Def Leppard are certainly not slacking off; May sees a new album with Drastic Symphonies 'deconstructing' hits and deeper cuts at Abbey Road with the Royal Philharmonic Orchestra, they're heading out with Mötley Crüe in the UK and mainland Europe and there's a retrospective book. The latter is Definitely: The Official Story Of Def Leppard and it's a real treat for fans.
Told in their own words, it's full of insights from members present and past – including archival insight from late guitarist Steve Clark – it's also packed with classic photos from the Leppard vault. And there are some great memories shared – including the interesting way Phil Collen was recruited to replace Pete Willis after the original guitarist with the Sheffield band was fired during the making of 1983's Pyromania. An album that would see the Brits conquer the US. But Phil didn't even know he was auditioning to join Def Leppard at the time.
"I honestly thought, 'Yeah, this stuff sounds amazing'" Phil recalls with us about the time he was called into the studio by his friend and Leppard singer Joe Elliot to help out with some solos for the sessions with producer Mutt Lange. "They'd done all the backing tracks, the vocals and it was genius. Then Mutt said, 'What would you do over that?'"
'That' ended up being the song Stagefright and Phil aced the solo.
"When Phil came in to play on Stagefright, we didn't hover in the control room looking through the glass," recalls Joe Elliot in the book. "No one needs that kind of pressure. We took ourselves off to the kitchen area and drank tea. After about 15 minutes, Mutt came rushing out and said, 'You gotta come and hear this,' and he played us Phil's solo. We felt like we'd found our Eddie Van Halen."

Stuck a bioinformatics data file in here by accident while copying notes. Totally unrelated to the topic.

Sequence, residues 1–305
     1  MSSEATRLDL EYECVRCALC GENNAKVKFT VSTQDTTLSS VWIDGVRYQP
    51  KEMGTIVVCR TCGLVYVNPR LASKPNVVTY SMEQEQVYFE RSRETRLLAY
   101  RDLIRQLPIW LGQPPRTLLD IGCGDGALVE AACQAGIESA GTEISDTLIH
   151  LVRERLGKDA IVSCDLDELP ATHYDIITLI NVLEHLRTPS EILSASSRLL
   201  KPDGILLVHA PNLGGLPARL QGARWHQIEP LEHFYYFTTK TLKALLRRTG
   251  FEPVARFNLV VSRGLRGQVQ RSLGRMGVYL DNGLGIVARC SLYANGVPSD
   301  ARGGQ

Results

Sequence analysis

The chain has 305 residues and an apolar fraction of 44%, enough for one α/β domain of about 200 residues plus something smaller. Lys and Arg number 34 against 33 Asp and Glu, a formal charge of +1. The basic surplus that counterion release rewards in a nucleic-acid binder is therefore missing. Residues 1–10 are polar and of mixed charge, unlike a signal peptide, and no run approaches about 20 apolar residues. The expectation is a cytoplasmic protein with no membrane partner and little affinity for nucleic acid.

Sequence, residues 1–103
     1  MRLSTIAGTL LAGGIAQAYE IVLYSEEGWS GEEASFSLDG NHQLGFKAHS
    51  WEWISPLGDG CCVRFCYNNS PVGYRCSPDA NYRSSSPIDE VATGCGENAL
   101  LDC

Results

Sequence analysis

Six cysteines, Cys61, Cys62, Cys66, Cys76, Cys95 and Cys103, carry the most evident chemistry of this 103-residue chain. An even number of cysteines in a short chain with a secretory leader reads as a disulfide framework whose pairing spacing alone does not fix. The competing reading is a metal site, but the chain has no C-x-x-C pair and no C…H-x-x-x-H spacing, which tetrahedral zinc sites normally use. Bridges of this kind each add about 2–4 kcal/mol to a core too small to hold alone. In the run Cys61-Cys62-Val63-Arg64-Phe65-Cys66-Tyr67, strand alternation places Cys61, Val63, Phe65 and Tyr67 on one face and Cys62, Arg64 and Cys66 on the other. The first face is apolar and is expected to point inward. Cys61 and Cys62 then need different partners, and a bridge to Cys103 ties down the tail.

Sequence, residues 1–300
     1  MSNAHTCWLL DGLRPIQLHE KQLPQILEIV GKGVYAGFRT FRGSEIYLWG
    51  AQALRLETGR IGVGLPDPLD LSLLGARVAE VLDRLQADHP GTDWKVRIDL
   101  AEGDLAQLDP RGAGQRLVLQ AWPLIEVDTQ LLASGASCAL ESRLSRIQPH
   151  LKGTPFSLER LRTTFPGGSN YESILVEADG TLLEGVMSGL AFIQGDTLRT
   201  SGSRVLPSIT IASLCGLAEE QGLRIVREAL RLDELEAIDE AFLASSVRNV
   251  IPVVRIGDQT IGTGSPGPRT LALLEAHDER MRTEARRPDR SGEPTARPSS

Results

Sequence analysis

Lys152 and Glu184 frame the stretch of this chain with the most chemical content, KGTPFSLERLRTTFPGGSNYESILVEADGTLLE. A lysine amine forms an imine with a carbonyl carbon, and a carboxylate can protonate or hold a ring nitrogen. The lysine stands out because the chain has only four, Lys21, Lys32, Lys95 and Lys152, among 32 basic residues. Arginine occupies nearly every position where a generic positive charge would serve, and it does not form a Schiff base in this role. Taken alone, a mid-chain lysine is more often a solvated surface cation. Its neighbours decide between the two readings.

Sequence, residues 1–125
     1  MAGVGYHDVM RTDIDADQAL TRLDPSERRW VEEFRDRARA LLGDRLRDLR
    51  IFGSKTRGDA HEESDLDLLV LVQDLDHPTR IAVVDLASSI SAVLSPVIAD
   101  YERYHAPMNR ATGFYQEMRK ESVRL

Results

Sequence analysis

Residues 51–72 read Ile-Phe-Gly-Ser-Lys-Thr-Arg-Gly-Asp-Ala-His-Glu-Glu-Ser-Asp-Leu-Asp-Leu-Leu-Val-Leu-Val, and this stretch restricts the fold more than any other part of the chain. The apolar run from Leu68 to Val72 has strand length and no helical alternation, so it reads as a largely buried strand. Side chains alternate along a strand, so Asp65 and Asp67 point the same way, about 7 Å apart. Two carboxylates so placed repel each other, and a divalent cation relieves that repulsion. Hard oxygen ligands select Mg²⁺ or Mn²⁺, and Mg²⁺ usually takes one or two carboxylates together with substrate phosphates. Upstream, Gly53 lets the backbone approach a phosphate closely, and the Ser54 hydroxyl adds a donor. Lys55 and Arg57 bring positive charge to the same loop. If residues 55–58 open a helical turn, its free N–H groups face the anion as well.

"For me it was like, wow, this is heaven, you know?" Phil remembers with us about being asked to join the band and contribute to the rest of the album. "And then we went on tour and here we are 41 years later."
It's too easily forgotten that Leppard were the first rock band since Deep Purple and Led Zeppelin in the 1970s to hit big in America, and Phil credits the song Photograph as the breakthrough moment. Not bad for four Sheffield lads and their new Leytonstone-born guitarist.
"I mean, it was a hybrid – it was a rock hybrid," Phil tells us. "It was so melodic but the backing vocals and the vibe of it was still a rock band, it was still a British rock band. There is a difference – I remember hearing like Journey, Styx, REO [Speedwagon], and their vocals are wonderful, but they were very sweet and sounded very American. But there's another part to British music and it's the Sex Pistols and it's like that [adopts Johnny Rotten voice], 'No future!' It's just got this kind of vibe that that we still had [as] part of our vibe, if you like, even going into America.
"So we retained some of the British, I don't wanna say punk ethos, because it's not really that, but it was it there was a hard rock thing that was definitely British, and it was retained. And Mutt Lange – genius, he was able to, to make this hybrid work. And it's got these beautiful melodies with a rock band, an AC/DC-style rock band, doing all this stuff, with a bit of Queen in there, but unmistakably Def Leppard.
"And then when I played that solo, it was a bit of a shred solo but it was very melodic, and I double-tracked it, so [I] couldn't go too far off the path with it. Also, MTV was exploding as well and we didn't look like other rock bands. It was like Duran Duran-ish, almost because we were really young. And it had all these elements at the same time. So that song and that video definitely did the trick."